The City of Cape Town would like to advise residents and visitors to the presence of toxic blue-green algae in the Wildevoelvlei in Noordhoek Valley. The public are therefore advised to avoid contact with this body of water.

Wildevoelvlei has a well-established algal population, dominated by species of blue-green algae (Cyanophyceae). This algal group has the ability, under certain conditions, to produce toxins which can be harmful to humans and animals if ingested. During the warm summer months, the algal population can increase dramatically and this productivity accounts for the green pea-soup colour of the water. Residents and visitors may have noticed that the Wildevoelvlei is currently a distinct green colour. Recent monitoring and laboratory tests undertaken by the City have confirmed that the water contains blue-green algal toxins.

The public should avoid all contact with the water at the vlei and in the outlet channel leading to the sea. It has been established that the vlei had an outbreak which affected water flowing downstream and discharging on a section of Noordhoek Beach. Dog-walkers should ensure that their pets remain on their leashes so that they are not able to drink the water.

Harvesting, sale and consumption of shellfish from the rocky outcrops near the outlet to the sea (Klein Slangkop on Noordhoek Beach) is not advised. Shellfish such as mussels harvested from this area are likely to be unfit for human consumption as a result of the toxins.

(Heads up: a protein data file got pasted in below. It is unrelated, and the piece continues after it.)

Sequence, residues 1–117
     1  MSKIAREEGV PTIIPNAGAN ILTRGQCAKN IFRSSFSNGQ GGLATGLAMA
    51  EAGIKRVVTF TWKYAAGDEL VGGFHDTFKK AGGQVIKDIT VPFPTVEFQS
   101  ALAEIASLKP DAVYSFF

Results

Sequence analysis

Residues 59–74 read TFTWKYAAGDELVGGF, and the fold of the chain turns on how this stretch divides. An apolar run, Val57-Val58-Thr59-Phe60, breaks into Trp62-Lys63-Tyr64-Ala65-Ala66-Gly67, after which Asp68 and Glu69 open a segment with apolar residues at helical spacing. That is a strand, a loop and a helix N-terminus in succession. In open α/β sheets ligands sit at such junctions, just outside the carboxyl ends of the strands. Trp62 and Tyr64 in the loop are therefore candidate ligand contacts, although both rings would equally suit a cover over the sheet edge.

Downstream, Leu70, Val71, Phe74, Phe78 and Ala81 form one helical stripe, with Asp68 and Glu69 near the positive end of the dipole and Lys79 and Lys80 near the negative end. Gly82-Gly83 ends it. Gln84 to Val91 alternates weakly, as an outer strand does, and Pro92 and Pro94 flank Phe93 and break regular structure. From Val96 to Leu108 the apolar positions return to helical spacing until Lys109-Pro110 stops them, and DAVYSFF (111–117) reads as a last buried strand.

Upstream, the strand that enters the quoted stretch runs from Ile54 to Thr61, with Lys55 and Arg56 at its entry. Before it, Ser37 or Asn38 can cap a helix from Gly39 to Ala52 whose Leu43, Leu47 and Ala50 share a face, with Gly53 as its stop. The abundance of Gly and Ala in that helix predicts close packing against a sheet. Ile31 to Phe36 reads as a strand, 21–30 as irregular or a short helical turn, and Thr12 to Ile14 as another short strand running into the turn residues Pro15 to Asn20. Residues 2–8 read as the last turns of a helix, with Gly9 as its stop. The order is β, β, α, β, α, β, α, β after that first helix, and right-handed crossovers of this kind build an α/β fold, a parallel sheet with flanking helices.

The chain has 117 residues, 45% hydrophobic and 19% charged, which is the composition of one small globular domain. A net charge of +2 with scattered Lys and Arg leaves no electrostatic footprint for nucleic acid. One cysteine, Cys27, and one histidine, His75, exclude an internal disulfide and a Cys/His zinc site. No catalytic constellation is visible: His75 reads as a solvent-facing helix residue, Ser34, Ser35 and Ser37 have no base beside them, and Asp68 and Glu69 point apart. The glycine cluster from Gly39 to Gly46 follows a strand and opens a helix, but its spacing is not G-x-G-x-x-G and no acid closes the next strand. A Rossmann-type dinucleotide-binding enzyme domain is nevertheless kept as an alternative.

The algal blooms usually present as green, blue-green, white or brown foam, scum or mats floating on the surface of the water. Exposure to this algae can cause eye irritation, skin rashes, mouth ulcers, vomiting, diarrhoea, and cold or flu-like symptoms. Drinking or swallowing large amounts of contaminated water can be extremely dangerous.

If any person comes into direct contact with the blue-green algae, they should wash themselves immediately with clean water. If any symptoms present, they should immediately seek medical advice.

The City’s Environmental Health officials are in the process of erecting additional signage at various locations to warn the public of the situation. The City will continue to monitor the water quality of the vlei carefully and will keep the public informed of any new developments. Water samples from the vlei are assessed regularly as part of the City’s Water Quality Monitoring Programme. The City will remove the warning signs on the beaches once the vlei is clear of all potential health risks.

In the past, large quantities of salt were deposited into the Wildevoelvlei in an attempt to eradicate a toxic bloom a few years ago. This was successful in breaking the particular blue-green algae bloom cycle, but the success was short-lived. The Wildevoelvlei has, in the ensuing years, become dominated by blue-green algae year-round. It is unlikely that the City will conduct another ‘salt-bombing’ because the National Environmental Management Act and the National Water Act require that a detailed assessment be conducted to obtain authorisation for such an intervention. The possibility of opening the mouth of the vlei to improve flushing and to encourage natural salt water intrusion from the sea is being explored with the relevant authorities.

If any member of the public requires more information on this matter, they should contact the Lakeside Environmental Health Office on 021 788 9350

ISSUED BY:
COMMUNICATION DEPARTMENT, CITY OF CAPE TOWN

MEDIA ENQUIRIES:
DR. VIRGINIA DE AZEVEDO
ACTING EXECUTIVE DIRECTOR: CITY HEALTH
CELL: 083 629 3344